A day after a local used car salesman was indicted by a federal grand jury for violating the Servicemembers Civil Relief Act, a Spring Hill man filed a civil suit against the same business.
Timothy Smith filed the civil lawsuit in the Cullman County Circuit Court against Carl Nuss, owner of North Alabama Wholesale Autos, contending that the auto dealer violated the Truth in Lending Act. According to Smith, he had been saving for roughly half a year to make a $1,500 down payment on a vehicle, only to have it repossessed five months after it was purchased because he couldn’t keep up with the interest rate. After further investigation by Smith’s attorney, it was revealed he was paying almost double.
Smith is seeking unspecified financial recovery and punitive damages through a jury trial. He spoke to reporters late last week at his attorney’s office in Cullman.
“They came to see me mainly about the repossession,” attorney Richard Collins said. “And when I started looking at the contract, I noticed compared to the amount financed, which was a little over $4,800, and the finance charge, which was a little over $2,400, that sounded like way too much interest. My math skills kicked in, and after doing amortization schedules, instead of the 25 percent they agreed on, it was almost 50 percent.”
In November, agents repossessed Smith’s truck after he was one day late on payment. Smith said he had been promised he could have the extra day to make a payment. The repossession happened a day after he finished his last chemo treatment for a cancer diagnosis, he said.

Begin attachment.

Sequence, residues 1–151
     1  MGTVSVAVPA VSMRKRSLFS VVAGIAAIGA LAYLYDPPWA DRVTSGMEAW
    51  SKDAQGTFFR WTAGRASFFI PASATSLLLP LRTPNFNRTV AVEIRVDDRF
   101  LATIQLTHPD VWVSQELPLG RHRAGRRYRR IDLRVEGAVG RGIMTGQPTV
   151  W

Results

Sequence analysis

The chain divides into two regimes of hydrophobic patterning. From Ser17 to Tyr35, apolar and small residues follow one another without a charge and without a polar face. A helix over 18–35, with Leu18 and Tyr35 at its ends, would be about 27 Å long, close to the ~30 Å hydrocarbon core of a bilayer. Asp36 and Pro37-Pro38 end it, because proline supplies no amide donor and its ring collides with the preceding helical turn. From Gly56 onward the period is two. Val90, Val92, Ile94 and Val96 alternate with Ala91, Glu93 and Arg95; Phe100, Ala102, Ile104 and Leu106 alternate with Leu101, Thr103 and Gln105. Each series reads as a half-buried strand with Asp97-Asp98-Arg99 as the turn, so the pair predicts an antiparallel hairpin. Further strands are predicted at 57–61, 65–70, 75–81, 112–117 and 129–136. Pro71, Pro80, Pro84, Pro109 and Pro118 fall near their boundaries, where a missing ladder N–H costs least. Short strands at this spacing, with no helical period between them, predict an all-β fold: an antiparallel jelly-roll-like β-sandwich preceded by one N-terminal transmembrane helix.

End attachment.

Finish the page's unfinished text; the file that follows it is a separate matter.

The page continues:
“When they came and took my truck they told me I wasn’t making my payments on time,” Smith said. “All of my payments were on time. I lived up to my agreement, and they didn’t. They took advantage of me by overcharging my interest and everything else. I could have bought a new vehicle for what I was going to end up giving them overall.”
A similar incident prompted the federal indictment earlier last week when Nuss allegedly refused to reduce the loan interest rate to a man who was deployed to Afghanistan with the Alabama National Guard. The guardsman bought the vehicle for $9,746 in February 2011, and after a $2,200 down payment, financed the balance at 25 percent interest per year, according to the indictment. In July of 2012, Nuss received a letter from the guardsman requesting the dealership reduce the interest rate on his car from 25 percent to 6 percent as required by the Servicemembers Civil Relief Act. According to the indictment, Nuss never reduced the interest rate, and two days after receiving the letter, hired two men to repossess the guardman’s vehicle.
Smith has been without a vehicle since last November when his was repossessed, and has had to rely on nearby neighbors and his daughter to take him places. He’s scheduled to start his chemo treatments back soon.
“It’s been a major burden,” he said tearing up. “People get tired of helping me.”
When contacted by The Times to give his side of the story, Nuss declined to comment, and referred all questions to his attorney, Tommy Spina, in Birmingham. Spina confirmed he had met with Nuss and that the two are talking.
Ashley Graves can be reached by phone at 734-2131, ext. 225, or by email at firstname.lastname@example.org